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AGY´RIUM (Ἀγύριον: Eth. Ἀγυριναῖος, Eth. Agyrinensis), a city of the interior of Sicily now called S. Filippo d'Argirò. It was situated on the summit of a steep and lofty hill, between Enna and Centuripa, and was distant 18 Roman miles from the former, and 12 from the latter. (Tab. Peut. The Itin. Ant. p. 93, erroneously gives only 3 for the former distance.) It was regarded as one of the most ancient cities of Sicily, and according to the mythical traditions of the inhabitants was visited by Heracles on his wanderings, who was received by the inhabitants with divine honours, and instituted various sacred rites, which continued to be observed in the days of Diodorus. (Diod. 4.24.) Historically speaking, it appears to have been a Sicelian city, and did not receive a Greek colony. It is first mentioned in B.C. 404, when it was under the government of a prince of the name of Agyris, who was on terms of friendship and alliance with Dionysius of Syracuse, and assisted him on various occasions. Agyris extended his dominion over many of the neighbouring towns and fortresses of the interior, so as to become the most powerful prince in Sicily after Dionysius himself, and the city of Agyrium is said to have been at this time so wealthy and populous as to contain not less than 20,000 citizens. (Diod. 14.9, 78, 95.) During the invasion of the Carthaginians under Mago in B.C. 392, Agyris continued steadfast to the alliance of Dionysius, and contributed essential service against the Carthaginian general. (Id. 14.95, 96.) From this time we hear no more of Agyris or his city during the reign of Dionysius, but in B.C. 339 we find Agyrium under the yoke of a despot named Apolloniades, who was compelled by Timoleon to abdicate his power. The inhabitants were now declared Syracusan citizens: 10,000 new colonists received allotments in its extensive and fertile territory, and the city itself was adorned with a magnificent theatre and other public buildings. (Diod. 16.82, 83.)

At a later period it became subject to Phintias, king of Agrigentum: but was one of the first cities [p. 1.81]to throw off his yoke, and a few years afterwards we find the Agyrinaeans on friendly terms with Hieron king of Syracuse, for which they were rewarded by the gift of half the territory that had belonged to Ameselum. (Diod. xxii. Exc. Hoesch. pp. 495, 499.) Under the Roman government they continued to be a flourishing and wealthy community, and Cicero speaks of Agyrium as one of the most considerable cities of Sicily. Its wealth was chiefly derived from the fertility of its territory in corn: which previous to the arrival of Verres found employment for 250 farmers (aratores), a number diminished by the exactions of his praetorship to no more than 80. (Cic. Ver. 3.18, 27--31, 51, 52.) From this period we have little further notice of it, in ancient times. It is classed by Pliny among the “populi stipendiarii” of Sicily, and the name is found both in Ptolemy and the Itineraries. In the middle ages it became celebrated for a church of St. Philip with a miraculous altar, from whence the modern name of the town is derived. It became in consequence a great resort of pilgrims from all parts of the island, and is still a considerable place, with the title of a city and above 6000 inhabitants. (Plin. Nat. 3.8. 14; Ptol. 3.4.13; Fazell. de Reb. Sicul. vol. i. p. 435; Ortolani, Diz. Geogr. della Sicilia, p. 111.)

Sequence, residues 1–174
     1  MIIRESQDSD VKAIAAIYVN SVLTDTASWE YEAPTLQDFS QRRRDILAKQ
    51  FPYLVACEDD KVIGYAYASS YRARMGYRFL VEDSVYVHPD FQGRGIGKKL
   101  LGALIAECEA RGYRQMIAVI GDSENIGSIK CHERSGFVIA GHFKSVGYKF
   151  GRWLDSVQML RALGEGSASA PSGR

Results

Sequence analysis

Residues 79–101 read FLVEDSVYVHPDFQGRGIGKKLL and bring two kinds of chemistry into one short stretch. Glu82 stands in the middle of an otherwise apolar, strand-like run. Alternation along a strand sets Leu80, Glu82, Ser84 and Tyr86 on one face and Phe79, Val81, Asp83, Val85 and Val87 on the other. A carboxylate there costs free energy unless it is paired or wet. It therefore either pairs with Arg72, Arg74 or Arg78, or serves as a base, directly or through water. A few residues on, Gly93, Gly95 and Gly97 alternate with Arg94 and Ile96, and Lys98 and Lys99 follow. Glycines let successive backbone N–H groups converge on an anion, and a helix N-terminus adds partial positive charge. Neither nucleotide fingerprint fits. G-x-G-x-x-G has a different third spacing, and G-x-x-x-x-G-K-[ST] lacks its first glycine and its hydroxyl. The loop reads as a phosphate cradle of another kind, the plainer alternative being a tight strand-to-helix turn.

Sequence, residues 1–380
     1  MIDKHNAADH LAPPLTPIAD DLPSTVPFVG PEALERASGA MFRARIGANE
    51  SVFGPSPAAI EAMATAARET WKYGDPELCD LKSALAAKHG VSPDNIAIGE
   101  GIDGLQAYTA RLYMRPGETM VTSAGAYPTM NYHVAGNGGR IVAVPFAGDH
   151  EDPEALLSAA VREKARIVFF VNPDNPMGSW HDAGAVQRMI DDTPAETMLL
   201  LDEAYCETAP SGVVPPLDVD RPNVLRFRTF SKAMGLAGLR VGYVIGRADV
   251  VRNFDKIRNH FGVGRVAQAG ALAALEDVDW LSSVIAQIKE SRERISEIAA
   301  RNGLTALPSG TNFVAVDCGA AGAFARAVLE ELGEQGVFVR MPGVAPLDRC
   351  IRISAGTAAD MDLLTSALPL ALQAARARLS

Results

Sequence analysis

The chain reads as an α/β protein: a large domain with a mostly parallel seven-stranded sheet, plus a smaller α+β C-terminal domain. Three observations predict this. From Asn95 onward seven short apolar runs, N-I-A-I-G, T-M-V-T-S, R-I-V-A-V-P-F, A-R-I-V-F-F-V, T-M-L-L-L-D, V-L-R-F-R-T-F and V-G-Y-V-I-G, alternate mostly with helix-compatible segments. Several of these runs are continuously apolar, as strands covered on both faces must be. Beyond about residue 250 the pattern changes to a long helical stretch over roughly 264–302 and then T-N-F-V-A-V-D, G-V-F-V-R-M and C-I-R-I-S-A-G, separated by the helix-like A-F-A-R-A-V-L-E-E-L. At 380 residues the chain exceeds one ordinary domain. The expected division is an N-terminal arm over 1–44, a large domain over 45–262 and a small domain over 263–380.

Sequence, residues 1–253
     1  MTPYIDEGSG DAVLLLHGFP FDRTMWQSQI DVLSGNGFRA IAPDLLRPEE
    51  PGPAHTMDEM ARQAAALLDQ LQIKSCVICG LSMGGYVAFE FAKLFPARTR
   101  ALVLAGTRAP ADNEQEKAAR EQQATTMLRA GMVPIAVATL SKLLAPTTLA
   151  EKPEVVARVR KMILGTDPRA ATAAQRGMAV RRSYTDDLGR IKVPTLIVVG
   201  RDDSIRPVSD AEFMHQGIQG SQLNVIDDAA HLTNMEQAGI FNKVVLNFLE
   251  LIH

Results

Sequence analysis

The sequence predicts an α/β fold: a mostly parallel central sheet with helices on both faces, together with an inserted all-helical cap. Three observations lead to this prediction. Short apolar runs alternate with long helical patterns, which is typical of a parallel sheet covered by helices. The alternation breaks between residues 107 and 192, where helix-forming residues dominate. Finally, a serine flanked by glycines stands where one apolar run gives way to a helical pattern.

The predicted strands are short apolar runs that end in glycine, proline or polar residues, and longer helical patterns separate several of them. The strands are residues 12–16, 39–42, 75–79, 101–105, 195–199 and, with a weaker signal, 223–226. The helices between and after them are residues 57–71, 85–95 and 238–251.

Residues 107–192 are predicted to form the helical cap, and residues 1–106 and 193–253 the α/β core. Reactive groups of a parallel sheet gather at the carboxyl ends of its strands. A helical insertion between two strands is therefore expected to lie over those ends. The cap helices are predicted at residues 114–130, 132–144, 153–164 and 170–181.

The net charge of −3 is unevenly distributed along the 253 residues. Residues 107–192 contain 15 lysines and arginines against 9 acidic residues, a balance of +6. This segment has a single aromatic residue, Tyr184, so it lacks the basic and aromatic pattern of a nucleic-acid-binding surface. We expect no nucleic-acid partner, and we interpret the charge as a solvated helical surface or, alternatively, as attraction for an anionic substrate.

The historian Diodorus Siculus was a native of Agyrium, and has preserved to us several particulars concerning his native town. Numerous memorials were preserved there of the pretended visit of Heracles: the impression of the feet of his oxen was still shown in the rock, and a lake or pool four stadia in circumference was believed to have been excavated by him. A Temenos or sacred grove in the neighbourhood of the city was consecrated to Geryones, and another to Iolaus, which was an object of peculiar veneration: and annual games and sacrifices were celebrated in honour both of that hero and of Heracles himself. (Diod. 1.4, 4.24.) At a later period Timoleon was the chief benefactor of the city, where he constructed several temples, a Bouleuterion and Agora, as well as a theatre which Diodorus tells us was the finest in all Sicily, after that of Syracuse, (Id. 16.83.) Scarcely any remains of these buildings are now visible, the only vestiges of antiquity being a few undefined fragments of masonry. The ruined castle on the summit of the hill, attributed by some writers to the Greeks, is a work of the Saracens in the tenth century. (Amico, ad Fazell. p. 440; Lex. Topogr. Sic. vol. i. p. 22.)



hide References (9 total)
  • Cross-references from this page (9):
    • Diodorus, Historical Library, 14.9
    • Diodorus, Historical Library, 14.95
    • Diodorus, Historical Library, 16.82
    • Diodorus, Historical Library, 14.78
    • Diodorus, Historical Library, 16.83
    • Pliny the Elder, Naturalis Historia, 3.8
    • Diodorus, Historical Library, 1.4
    • Diodorus, Historical Library, 4.24
    • Claudius Ptolemy, Tetrabiblos, 3.4
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